Have a good time
When one person takes advantage of another's diminished situation to rob them of their humanity, whether or not money is exchanged, it is reasonable to assume the person being exploited is not having an entertaining experience.
In describing the disturbing recent incident on a Tel Aviv beach, in which a group of teenage boys presumably had sex with a woman, one eyewitness said: "I saw them doing what they were doing, and I thought she was a call girl and they wanted to party." That sentence says more about the complacency of the people who watched and chose not to intervene on the woman's behalf than it does about what happened on the beach.
The ostensible reason for the complacency was that it involved a group activity - a beach orgy, in this case. But to understand the complacency one must examine the paradox at its core - that the teens were "partying" with a prostitute.
We are so familiar with this paradox that we barely notice it. Just a few days ago we read that members of U.S. President Barack Obama's security detail were suspended because they "had a good time with prostitutes," and in advance of his visit to Colombia. There have also been reports in the past of basketball players "having a good time with prostitutes." But did the teens "party" and the security officers "have a good time with prostitutes" in the same way I "have a good time with" my husband at a restaurant? Obviously not.
Furthermore, the use of these terms in this context has profound implications. A party on the beach is not a matter for the police. Terms like "partying" and "having a good time with" usually indicate reciprocal participation in an event or ceremonial ritual that is entertaining or amusing for all concerned. But when one person takes advantage of another's diminished situation to rob them of their humanity, whether or not money is exchanged, it is reasonable to assume the person being exploited is not having an entertaining experience.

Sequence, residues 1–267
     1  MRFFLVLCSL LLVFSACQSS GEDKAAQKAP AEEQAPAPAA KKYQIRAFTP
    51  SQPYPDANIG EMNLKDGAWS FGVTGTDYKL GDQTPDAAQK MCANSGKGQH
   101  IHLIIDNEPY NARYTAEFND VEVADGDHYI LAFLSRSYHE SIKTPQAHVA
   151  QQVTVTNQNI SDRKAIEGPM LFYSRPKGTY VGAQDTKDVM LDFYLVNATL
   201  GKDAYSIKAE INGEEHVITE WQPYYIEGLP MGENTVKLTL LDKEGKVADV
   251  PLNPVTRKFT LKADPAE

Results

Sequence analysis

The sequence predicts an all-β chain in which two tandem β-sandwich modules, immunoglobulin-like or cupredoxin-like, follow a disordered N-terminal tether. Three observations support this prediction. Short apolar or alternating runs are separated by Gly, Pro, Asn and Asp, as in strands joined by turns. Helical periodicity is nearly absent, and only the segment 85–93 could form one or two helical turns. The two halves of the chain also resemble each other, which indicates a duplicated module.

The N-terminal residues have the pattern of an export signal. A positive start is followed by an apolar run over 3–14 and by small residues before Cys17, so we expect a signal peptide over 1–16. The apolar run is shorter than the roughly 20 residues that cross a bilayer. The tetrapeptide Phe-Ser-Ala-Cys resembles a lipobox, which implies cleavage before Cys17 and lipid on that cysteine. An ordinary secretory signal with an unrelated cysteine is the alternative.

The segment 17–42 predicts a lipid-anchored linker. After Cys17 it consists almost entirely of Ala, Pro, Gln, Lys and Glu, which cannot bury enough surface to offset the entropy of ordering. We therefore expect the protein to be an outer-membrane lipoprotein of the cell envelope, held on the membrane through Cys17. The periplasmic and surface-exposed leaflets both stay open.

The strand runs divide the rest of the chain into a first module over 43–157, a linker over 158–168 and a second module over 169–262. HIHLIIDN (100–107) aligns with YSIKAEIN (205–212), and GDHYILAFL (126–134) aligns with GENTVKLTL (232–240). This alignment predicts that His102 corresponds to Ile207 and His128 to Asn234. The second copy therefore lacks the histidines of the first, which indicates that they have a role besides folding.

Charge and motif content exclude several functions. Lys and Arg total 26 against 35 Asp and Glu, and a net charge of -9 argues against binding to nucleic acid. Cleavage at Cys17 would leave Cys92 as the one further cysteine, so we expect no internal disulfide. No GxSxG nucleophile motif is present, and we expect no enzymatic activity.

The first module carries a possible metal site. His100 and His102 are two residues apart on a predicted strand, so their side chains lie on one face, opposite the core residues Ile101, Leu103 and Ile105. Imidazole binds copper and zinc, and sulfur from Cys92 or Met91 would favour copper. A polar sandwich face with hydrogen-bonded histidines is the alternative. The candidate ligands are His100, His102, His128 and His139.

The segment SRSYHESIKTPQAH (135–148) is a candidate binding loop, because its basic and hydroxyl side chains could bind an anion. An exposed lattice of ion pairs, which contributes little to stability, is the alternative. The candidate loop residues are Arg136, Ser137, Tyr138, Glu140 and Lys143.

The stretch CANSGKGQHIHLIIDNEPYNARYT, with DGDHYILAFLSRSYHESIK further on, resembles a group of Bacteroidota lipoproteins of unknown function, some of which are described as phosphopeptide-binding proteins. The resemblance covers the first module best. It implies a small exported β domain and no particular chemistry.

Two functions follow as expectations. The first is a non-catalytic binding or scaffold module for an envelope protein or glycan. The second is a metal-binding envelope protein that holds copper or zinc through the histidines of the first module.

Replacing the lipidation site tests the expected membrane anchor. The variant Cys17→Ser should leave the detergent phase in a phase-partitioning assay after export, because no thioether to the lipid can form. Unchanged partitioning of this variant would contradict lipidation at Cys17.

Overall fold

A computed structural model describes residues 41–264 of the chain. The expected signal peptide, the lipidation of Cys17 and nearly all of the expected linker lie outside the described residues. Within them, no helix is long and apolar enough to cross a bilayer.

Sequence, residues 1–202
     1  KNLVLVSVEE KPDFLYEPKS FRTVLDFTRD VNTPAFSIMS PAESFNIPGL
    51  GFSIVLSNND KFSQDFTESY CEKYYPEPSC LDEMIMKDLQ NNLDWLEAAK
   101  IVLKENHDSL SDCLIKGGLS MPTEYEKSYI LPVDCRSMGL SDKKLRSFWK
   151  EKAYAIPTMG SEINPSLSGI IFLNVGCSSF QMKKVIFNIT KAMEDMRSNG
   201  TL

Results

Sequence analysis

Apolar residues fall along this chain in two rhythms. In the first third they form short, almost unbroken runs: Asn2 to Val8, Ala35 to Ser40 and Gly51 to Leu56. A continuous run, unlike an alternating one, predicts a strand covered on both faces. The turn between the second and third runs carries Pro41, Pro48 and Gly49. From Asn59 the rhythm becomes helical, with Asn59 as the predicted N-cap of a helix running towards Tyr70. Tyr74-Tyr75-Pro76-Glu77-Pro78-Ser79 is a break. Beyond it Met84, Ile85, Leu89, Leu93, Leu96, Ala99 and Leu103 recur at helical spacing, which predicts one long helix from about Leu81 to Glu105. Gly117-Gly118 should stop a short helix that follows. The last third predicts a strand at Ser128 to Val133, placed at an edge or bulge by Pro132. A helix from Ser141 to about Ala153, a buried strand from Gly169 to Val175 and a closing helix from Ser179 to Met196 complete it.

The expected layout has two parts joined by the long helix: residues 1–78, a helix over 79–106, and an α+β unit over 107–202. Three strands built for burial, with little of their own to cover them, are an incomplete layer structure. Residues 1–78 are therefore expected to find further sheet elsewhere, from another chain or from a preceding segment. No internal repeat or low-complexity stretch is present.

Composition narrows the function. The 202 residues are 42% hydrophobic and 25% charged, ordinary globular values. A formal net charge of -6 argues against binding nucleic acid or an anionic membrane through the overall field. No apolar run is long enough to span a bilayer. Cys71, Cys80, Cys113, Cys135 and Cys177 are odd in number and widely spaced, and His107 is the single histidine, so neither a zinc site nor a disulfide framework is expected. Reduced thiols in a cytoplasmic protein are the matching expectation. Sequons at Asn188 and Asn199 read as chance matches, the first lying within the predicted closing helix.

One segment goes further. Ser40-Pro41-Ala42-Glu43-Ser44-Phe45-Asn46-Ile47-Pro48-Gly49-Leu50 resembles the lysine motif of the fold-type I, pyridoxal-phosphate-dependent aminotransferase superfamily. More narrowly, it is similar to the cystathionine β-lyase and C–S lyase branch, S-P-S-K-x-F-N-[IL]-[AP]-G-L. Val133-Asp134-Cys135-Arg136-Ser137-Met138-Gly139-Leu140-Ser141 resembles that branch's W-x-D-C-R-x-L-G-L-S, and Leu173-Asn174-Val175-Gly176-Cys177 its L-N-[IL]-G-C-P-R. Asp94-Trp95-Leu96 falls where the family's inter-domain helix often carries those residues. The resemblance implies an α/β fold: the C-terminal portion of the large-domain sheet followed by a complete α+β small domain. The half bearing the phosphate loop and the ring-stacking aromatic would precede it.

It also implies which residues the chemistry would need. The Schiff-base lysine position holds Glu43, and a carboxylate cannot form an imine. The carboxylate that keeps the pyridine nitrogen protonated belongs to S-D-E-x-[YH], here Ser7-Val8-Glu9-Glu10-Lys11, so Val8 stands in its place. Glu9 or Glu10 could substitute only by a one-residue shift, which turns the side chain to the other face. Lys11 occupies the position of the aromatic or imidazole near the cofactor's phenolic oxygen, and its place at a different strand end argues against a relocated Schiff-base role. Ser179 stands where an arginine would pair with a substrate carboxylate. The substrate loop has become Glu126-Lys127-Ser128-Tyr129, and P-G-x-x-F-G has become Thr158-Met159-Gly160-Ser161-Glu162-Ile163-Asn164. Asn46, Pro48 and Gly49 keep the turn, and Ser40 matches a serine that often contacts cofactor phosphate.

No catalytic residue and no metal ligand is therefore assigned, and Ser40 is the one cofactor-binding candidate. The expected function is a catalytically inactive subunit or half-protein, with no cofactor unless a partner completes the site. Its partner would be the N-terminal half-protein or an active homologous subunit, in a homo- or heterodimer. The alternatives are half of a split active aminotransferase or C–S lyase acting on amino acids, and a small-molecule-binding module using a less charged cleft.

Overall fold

Sometimes we are capable of remembering this. Had those same teenagers abused a homeless man, the eyewitness would not have said he thought "they wanted to party" with him and the newspaper reports would not have been about "teenagers having a good time with a homeless man." Knowing that the abusers took some perverted, sadistic pleasure in their actions would not change the assessment. But when it comes to sexual exploitation or the consumption of prostitution services we still identify with the aggressor.
The distorted depiction of the prostitute as a lover is an ugly, stubborn habit. "Pretty Woman" was released more than 20 years ago, but there is no lack of more recent examples. The advertising copy for the 2004 Hebrew edition of Gabriel Garcia Marquez's "Memories of My Melancholy Whores" promised the story of an "elderly journalist who decides to give himself a night of love with a young virgin as a 90th birthday present." Describing sex with a young girl in the sex industry as a "night of love" did not grate on the book's admirers.
There are other examples. The book jacket of the recently released Hebrew translation of Graham Robb's "Parisians: An Adventure History of Paris" touts the work as the story of "a young lieutenant who loses his virginity in a night of love with a courtesan." So references to "partying with a call girl" or "having a good time with a prostitute" are just a contemporary version of "a night of love with a courtesan." Such a romanticized distortion of the physical domination of a person in distress blinds us to the violation of human dignity, even when it takes place in broad daylight, before our very eyes. Maybe it is just a matter of language, but even if the "partying" teenagers do not know it a party is supposed to be fun for everyone who attends.